Sexual Health and the Gut

Gut Health

Sexual Health


From our previous articles, you are probably now familiar with the use of the multisystem axis terms (gut-brain-microbiome, gut-lung, gut-brain-skin, etc.) that’s so common in this type of research. It should be no surprise that we have another type of axis.

According to researchers, the gut can influence our sex drive, desire, and gender in a complex interplay of what is known as the gut-brain-libido axis. Our ability to create a romantic spark, attract a mate, develop as a sexual being, or make passionate love has many links to our belly. The science of gut health is revealing the truth of an age-old maxim:

The way to a person’s heart truly is through their stomach.

Getting in the Mood Through the Gut

Research has shed light on the power of the gut to control our more carnal desires. One fascinating study has shown that women who suffer from lower libido harbor more of a certain type of bacteria in their gut, known as Actinobacteria. But that’s not all. The bacterial types that have also been typically associated with healthy bacteria, Bifidobacterium and Lactobacillus, are also much higher in individuals with a lower libido compared to those with a regular sexual drive and desire. Dopamine, 5-hydroxytryptamine, and noradrenaline are the major neurotransmitters that regulate sexual desire in the brain and these bacteria play a hand in changing their levels through the gut.

Researchers believe that since these bacteria are generally linked to lower levels of anger, sadness, and aggression, that their higher presence could reduce the natural ebbs and flow of elevated emotional states that lead to passionate, satisfying sex. So maybe a little too much of a good thing has a downside for life in the bedroom.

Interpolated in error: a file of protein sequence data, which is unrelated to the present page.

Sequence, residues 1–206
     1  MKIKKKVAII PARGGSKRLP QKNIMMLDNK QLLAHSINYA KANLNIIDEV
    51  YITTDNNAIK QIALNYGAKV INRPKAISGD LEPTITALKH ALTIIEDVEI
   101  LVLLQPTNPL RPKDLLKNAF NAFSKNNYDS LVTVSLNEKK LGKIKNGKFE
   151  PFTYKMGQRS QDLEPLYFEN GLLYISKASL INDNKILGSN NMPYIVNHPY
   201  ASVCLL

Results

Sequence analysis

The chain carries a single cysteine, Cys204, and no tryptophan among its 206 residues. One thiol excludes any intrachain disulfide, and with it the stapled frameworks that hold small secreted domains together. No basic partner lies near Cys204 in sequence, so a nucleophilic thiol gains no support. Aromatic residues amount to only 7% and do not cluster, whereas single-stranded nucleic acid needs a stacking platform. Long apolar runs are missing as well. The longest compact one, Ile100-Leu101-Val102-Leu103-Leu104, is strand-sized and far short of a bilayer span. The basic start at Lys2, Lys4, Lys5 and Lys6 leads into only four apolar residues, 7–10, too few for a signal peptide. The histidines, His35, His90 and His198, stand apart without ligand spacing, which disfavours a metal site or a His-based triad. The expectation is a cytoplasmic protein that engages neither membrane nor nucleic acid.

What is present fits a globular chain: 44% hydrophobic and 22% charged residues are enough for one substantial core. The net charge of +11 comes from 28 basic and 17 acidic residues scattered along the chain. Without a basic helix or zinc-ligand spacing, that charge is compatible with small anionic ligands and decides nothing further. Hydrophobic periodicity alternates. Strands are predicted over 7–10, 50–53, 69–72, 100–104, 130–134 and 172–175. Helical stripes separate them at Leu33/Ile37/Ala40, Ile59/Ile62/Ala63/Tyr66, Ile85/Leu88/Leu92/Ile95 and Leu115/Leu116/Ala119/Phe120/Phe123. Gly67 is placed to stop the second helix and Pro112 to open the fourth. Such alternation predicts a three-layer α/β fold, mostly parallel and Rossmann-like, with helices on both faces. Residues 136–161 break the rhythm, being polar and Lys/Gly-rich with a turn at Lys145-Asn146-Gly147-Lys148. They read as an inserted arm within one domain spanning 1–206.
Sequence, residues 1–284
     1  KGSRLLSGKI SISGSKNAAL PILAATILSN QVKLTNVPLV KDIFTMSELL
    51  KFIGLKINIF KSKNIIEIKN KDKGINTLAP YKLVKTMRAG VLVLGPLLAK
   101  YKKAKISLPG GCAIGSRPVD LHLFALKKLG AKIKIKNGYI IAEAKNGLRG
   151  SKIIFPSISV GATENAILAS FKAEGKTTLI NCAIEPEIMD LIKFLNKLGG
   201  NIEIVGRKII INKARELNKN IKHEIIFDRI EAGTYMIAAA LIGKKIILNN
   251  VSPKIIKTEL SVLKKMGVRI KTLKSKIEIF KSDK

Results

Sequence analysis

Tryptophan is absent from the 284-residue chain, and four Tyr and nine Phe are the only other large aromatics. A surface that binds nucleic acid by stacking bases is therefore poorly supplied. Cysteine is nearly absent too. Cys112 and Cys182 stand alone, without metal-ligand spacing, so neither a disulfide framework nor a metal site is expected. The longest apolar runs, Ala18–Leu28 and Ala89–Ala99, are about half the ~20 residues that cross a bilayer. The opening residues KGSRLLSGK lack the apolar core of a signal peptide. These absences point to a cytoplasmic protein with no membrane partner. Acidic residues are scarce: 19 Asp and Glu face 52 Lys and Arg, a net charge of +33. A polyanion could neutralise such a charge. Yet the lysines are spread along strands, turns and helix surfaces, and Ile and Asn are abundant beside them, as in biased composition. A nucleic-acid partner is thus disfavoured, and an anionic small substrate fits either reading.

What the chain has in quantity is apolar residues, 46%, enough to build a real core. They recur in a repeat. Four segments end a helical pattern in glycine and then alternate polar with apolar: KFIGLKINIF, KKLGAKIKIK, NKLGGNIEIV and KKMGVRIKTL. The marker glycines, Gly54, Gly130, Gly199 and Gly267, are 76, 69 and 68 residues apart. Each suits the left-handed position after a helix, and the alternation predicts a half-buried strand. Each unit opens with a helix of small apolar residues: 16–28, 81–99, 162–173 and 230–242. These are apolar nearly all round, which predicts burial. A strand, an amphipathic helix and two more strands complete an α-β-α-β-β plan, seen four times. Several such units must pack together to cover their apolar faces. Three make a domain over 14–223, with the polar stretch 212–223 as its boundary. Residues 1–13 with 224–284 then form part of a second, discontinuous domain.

Research is also pointing to another group of organ systems that are connecting men’s sexual health with the cardiovascular system and the gut microbiome. Male sexual health is negatively impacted by inflammation of the cardiovascular system. Many problematic sexual conditions such as erectile dysfunction and hypogonadism, a condition in which testosterone production is inhibited, have ties to poor cardiovascular health. Inflammatory issues related to changes to the gut microbiome, which can lead to increased movement of inflammatory molecules from the gut to the bloodstream, could contribute to more cardiovascular problems. These in turn can exacerbate issues with keeping an erection or losing sexual drive.

The Microbiome of Sexual Orientation

Surprisingly, sexual orientation is a factor that influences the composition of the gut microbiota. There are studies that show men who have sex with men (MSM) have a higher prevalence of a group of bacteria called Prevotella, compared to men who have sex with women (MSW). Since Prevotella bacteria are also highly prevalent in saliva and oral cavities, researchers postulate that differences in sexual activities and the use of different orifices may contribute to these gut microbiome changes. However, some confounding factors include differences in socioeconomic class, diet, and medication use across this demographic. And additional studies are necessary to explore the potential changes to the gut microbiome in women who have sex with women (WSW).